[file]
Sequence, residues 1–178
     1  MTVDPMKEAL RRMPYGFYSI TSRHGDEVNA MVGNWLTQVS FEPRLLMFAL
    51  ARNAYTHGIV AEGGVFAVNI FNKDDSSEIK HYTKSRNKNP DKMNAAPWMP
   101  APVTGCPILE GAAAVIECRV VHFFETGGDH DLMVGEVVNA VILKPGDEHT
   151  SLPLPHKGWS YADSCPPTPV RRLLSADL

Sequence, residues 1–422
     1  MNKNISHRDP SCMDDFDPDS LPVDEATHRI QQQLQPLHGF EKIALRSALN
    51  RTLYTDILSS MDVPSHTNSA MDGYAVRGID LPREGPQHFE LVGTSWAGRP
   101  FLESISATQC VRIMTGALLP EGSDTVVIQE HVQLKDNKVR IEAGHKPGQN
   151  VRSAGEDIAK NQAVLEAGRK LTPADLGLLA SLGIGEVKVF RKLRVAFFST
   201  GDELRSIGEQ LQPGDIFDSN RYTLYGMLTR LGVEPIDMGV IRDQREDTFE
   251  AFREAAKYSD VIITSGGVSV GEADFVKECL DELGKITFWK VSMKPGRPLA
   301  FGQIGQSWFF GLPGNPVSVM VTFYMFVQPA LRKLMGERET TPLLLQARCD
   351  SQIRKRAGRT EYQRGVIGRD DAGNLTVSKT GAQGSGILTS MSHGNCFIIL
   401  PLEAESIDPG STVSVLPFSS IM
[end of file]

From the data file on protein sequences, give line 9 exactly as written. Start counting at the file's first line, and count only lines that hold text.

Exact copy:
   101  FLESISATQC VRIMTGALLP EGSDTVVIQE HVQLKDNKVR IEAGHKPGQN